It's nearly stocking time again for trout

OUTDOORS

February 14, 1993|By LONNY WEAVER

The Department of Natural Resources has announced that Severn Run will be stocked with 3,000 trout this year.

Severn Run will be closed for stocking March 7-27 and again April 18-24. At each closing 1,500 trout will be stocked. The DNR will stock more than 300,000 trout statewide between now and the end of April.

The Laurel section of the Patuxent River is to receive 2,400 trout, and Columbia's Centennial Lake will be stocked with 2,500 trout.

The Patuxent, in Howard and Montgomery counties from Route 97 upstream to Route 27 and Cabin Branch from its confluence with the Patuxent upstream to Hipsleys Mill Road, is limited to catch-and-return fishing only.

Trout regulations can be a bit confusing, so read the 1993 Maryland Freshwater Sportfishing Guide. Most fishing and sporting goods stores in the area have a trout-stocking schedule posted or available free.

Though catch-and-release fishing is the rage, most trout anglers fishing the many put-and-take waters throughout the state are concerned only about filling their five-trout legal creel limits.

A little later in the spring and into early summer, I'll behave like a civilized trout angler, replete with fly rod, the latest Orvis fashions and enough flies to carry the Bay Bridges to Deep Creek Lake. But until then, hand me an ultra-light spinning rig and a jar of salmon eggs.

Salmon eggs are one of the most successful hatchery or native trout baits. The cheese-flavored egg is standard trout bait for thousands of fishermen intent on putting something on a dinner plate. Other good choices are sugar, garlic and even anise-flavored salmon eggs. These are so good because they combine natural smells with natural action.

I usually put one egg on a small, short-shanked No. 10 or 12 hook. This is especially good for fast water, but you have to be on alert. If you miss the hit, keep using the same drift and eventually you'll win the battle.

Expose the point of the hook a bit. This will help you to set the

hook, which is important when you find yourself using hard eggs. You also might want to thread three eggs on a long-shanked fly-tying hook, too.

Fishing eggs in fast water can be a bit tricky, but they are perfect for still-water fishing, like ponds.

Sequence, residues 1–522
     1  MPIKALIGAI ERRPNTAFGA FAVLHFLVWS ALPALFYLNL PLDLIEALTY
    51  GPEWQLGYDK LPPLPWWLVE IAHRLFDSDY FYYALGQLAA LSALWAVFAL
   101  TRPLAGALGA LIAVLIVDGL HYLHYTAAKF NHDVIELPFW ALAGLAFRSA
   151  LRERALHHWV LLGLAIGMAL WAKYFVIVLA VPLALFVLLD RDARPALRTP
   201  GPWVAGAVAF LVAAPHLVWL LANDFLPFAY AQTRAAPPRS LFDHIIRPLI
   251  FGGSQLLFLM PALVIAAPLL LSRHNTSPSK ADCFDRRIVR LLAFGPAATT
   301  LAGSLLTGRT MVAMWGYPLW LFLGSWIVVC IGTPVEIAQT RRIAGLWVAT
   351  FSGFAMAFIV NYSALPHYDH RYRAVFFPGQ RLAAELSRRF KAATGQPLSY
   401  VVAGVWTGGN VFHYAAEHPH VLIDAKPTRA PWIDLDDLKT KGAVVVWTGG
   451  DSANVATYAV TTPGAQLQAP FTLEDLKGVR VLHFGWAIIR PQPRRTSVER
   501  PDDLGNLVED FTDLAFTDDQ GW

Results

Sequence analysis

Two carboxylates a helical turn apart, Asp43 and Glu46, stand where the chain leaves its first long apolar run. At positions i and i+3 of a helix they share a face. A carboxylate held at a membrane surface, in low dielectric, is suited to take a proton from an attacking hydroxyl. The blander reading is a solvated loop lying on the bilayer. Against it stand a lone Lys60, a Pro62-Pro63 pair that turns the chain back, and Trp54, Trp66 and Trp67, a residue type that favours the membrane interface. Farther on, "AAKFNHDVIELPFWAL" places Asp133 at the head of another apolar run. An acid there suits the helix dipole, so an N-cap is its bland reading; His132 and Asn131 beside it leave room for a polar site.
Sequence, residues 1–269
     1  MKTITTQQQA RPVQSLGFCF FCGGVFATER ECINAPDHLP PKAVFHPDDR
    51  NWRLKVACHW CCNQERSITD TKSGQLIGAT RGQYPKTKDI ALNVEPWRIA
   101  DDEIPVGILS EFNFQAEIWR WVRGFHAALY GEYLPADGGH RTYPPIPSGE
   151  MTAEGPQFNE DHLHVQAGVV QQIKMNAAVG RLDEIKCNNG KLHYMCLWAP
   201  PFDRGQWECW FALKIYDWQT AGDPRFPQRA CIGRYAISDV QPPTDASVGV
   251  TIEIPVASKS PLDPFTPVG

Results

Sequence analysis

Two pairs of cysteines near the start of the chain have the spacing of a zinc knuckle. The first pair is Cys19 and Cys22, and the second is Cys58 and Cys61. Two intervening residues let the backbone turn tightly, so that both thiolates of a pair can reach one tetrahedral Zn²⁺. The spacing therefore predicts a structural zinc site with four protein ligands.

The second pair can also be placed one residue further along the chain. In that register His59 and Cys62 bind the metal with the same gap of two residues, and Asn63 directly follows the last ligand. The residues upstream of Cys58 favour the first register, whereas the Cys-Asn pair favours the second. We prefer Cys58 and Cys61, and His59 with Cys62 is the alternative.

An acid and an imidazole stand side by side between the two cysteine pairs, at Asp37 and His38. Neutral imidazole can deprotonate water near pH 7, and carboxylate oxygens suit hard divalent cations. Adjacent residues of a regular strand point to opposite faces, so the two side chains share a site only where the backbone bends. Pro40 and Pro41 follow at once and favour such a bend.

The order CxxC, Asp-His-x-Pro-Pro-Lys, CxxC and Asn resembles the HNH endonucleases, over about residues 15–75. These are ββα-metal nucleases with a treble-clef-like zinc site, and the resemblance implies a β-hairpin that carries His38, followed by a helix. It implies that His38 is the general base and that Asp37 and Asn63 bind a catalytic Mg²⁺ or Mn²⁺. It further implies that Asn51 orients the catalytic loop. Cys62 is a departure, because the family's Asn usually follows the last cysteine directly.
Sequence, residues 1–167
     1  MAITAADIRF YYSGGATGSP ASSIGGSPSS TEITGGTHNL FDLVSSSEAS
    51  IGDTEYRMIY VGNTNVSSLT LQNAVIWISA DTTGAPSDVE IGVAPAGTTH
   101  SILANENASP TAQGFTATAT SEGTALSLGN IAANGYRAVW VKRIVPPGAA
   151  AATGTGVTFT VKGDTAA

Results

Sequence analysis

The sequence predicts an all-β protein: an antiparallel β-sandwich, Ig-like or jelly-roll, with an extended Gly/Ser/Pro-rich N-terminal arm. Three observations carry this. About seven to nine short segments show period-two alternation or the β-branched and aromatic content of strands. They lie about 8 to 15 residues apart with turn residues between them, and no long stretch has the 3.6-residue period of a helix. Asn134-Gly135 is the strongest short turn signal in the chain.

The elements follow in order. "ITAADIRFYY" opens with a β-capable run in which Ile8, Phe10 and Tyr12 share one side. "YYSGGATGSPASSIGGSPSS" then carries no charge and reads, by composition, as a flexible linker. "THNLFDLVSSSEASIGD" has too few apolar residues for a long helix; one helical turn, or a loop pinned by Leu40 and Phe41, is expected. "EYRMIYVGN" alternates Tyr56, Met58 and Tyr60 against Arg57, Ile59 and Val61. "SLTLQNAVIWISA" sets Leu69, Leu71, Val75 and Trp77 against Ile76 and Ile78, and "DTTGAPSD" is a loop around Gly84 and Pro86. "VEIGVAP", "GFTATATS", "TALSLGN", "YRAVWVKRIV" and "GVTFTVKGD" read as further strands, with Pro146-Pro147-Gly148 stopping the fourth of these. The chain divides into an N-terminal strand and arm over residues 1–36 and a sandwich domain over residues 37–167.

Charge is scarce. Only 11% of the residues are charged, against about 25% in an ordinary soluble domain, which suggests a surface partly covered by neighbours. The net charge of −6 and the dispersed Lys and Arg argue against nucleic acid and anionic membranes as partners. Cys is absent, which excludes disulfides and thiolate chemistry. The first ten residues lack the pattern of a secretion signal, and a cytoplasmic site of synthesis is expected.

This is because of the milking action of the pierced eggs. Milking is a flow of the insides of the egg into the water. This takes the scent of the egg into the surrounding water and creates a trail for the trout to follow. For best results, be sure to pierce the yolk of the salmon egg, which is the small dark area visible inside the egg.

Record-breaking anglers

Edgewater's Alan Sosslou's 64.7-pound striped bass is officially recognized as the state record-holder. The previous record was Eric Shank's 55-pound rockfish caught in 1978. Sosslou caught the 50-inch record-buster last May 5 aboard Captain Mike Harris' charter boat, the Compensation.

James L. Gwynn III, 12, of Belle Vernon, Pa., also set a record when he caught a 23-pound, 5-ounce northern pike out of the Youghiogheny Reservoir last March 1. Both catches were registered in last year's Maryland Sport Fishing Tournament, which totaled more than 2,000 entries.

Other winners included Pasadena angler Andy Wayson, who pulled a 2-pound white perch from Big Blackwater; the 684-pound, 8-ounce mako shark caught by Bowie's Darren Trafton, and a 90-pound black drum caught by Stevensville angler Paul McWilliams while fishing near Poplar Island last August.

The tournament's biggest flounder was an 8-pound, 4-ounce flatfish caught by Jill Posey in Assawoman Bay, followed by Shirley Greene's 7-pound, 8-ounce prize caught at the bay's Puppy Hole, near Crisfield.

Other big bay catches included Bill Bryan's 22-pound bluefish caught at the Stone Rock, a 55-pound red drum boated off Watts Island by Jim Aswell III and the 11-pound, 8-ounce weakfish caught at Kedges Straits by Westover's Irving Catlin.

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